In March 2012, Kasich signed an executive order making Ohio an “Employment First” state, which resulted in an increase in individuals moving into competitive integrated employment. In 2014, 4,580 Ohioans with disabilities were able to find jobs through vocational rehabilitation services provided by the reformed and renamed Opportunities for Ohioans with Disabilities. One of the best programs to help people with disabilities pursue the American Dream originated in Ohio—Project SEARCH. It has been able to successfully recruit, train and place thousands of people with disabilities into jobs in 43 states across the country. Project SEARCH is achieving a 70 percent success rate in transitioning students with disabilities into competitive, integrated employment. It is a win-win-win model for how to serve the interests of people with disabilities, employers and taxpayers as well.
Neither Sen. Ted Cruz nor businessman Donald Trump has talked about subminimum wage or sheltered workshops on the trail. As the presidential candidates begin to speak in more specifics about topics, it is important for them to not only take a public position on a variety of disability issues but also to speak about them during their speeches.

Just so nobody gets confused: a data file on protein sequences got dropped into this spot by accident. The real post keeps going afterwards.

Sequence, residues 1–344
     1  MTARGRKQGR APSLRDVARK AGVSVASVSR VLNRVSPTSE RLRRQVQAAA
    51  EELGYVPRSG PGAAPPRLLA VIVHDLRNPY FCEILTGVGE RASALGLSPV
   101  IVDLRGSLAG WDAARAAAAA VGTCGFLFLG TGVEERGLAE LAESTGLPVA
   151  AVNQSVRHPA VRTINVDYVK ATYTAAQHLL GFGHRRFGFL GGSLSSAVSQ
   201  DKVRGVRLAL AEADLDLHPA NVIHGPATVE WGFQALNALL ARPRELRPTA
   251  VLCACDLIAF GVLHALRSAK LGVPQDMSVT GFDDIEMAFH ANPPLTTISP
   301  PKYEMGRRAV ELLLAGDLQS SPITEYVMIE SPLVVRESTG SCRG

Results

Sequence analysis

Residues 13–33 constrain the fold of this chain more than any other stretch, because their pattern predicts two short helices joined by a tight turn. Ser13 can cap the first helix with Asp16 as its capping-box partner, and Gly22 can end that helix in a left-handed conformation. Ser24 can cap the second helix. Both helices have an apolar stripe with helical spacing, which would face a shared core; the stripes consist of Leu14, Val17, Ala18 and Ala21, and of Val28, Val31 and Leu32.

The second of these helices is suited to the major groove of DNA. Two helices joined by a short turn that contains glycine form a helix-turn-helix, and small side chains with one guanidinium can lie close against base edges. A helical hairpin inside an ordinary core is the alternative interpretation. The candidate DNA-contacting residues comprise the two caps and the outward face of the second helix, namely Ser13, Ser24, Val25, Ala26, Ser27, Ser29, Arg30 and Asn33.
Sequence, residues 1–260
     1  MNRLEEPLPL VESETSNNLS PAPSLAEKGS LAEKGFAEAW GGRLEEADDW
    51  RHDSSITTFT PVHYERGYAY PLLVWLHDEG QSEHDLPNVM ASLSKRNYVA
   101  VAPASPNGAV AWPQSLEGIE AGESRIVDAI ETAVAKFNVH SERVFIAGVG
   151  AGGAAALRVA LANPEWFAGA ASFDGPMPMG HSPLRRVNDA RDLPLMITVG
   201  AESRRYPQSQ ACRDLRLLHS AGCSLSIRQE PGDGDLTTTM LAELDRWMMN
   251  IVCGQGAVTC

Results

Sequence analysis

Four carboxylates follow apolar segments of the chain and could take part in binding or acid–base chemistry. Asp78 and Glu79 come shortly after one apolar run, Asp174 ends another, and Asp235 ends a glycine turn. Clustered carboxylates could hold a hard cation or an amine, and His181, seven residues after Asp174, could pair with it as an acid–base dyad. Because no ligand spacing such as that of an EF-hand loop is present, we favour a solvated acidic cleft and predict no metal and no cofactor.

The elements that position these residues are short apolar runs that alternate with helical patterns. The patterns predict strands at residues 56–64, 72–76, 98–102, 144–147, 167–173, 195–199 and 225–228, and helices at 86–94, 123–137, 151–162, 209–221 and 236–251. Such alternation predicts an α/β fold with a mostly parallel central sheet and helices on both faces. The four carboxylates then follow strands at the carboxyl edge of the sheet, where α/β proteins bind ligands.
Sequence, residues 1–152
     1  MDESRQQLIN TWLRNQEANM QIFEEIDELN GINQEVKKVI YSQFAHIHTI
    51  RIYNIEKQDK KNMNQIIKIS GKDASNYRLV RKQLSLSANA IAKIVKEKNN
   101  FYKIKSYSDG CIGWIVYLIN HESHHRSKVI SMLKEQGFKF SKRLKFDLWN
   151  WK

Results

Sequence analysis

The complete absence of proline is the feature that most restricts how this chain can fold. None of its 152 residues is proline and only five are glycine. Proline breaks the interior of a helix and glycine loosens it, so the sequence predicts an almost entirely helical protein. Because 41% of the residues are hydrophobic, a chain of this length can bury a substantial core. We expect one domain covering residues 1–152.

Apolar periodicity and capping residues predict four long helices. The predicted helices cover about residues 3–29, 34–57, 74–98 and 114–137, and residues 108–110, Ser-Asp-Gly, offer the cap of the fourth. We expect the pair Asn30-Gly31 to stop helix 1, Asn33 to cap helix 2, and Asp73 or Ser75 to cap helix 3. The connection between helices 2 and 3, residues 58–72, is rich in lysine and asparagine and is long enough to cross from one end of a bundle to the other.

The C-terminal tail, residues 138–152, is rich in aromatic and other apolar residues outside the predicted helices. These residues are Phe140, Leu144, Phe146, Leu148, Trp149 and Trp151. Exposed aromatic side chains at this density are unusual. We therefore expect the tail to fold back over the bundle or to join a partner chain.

Former Sec. of State Hillary Clinton and Sen. Bernie Sanders responded by addressing all of the questions in the #PwDsVote 2016 Campaign Questionnaire, and Ohio Gov. John Kasich filled out parts of the questionnaire. All three have spoken about these issues while on the trail on multiple occasions. Despite numerous requests in person and by phone and email, the campaigns of Sen. Ted Cruz and Republican frontrunner Donald Trump have not yet filled out the questionnaire.
As the candidates vie for their parties’ nomination and look on to the general election, reaching out to the disability community can mean the difference between winning or not. More than 50 percent of Americans report having a family member or close friend with a disability. Fifty-two percent of Democrats report that they or a loved one has a disability, and for Republicans, a smaller number of 44 percent report they have a disability. Surprisingly, Independents have the largest number of voters who say they have a disability, with 58 percent saying yes. This shows that swing voters with disabilities and their families are up for grabs.